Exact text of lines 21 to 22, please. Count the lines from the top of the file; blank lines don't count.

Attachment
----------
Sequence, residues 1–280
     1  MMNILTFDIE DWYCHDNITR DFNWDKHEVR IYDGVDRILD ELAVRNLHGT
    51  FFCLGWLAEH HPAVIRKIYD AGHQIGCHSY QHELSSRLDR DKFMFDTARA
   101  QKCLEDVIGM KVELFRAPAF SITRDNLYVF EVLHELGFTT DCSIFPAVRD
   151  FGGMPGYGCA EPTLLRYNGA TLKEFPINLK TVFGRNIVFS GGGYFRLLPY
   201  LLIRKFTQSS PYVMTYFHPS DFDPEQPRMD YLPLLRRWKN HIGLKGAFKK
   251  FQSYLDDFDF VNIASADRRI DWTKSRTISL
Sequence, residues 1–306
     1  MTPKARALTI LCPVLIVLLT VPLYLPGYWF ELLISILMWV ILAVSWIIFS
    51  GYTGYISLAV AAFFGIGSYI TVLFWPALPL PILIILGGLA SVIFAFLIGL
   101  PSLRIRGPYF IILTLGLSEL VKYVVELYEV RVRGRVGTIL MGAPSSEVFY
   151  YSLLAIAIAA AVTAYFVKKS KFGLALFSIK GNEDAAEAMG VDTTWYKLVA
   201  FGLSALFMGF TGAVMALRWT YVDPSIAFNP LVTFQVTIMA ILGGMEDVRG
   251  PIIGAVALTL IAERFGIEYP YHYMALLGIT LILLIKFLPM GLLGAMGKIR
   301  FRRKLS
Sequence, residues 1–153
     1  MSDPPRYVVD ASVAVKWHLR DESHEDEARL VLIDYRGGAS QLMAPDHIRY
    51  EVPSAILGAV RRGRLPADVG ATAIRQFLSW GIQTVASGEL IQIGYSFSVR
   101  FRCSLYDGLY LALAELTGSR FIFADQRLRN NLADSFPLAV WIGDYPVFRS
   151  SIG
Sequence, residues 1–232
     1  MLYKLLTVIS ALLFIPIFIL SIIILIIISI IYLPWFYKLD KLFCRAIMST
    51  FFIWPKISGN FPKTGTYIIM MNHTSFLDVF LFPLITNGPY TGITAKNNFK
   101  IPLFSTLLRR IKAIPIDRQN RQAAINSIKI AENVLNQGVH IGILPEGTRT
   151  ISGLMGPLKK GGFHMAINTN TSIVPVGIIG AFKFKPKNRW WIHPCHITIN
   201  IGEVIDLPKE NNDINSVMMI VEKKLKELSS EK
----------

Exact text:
Sequence, residues 1–232
     1  MLYKLLTVIS ALLFIPIFIL SIIILIIISI IYLPWFYKLD KLFCRAIMST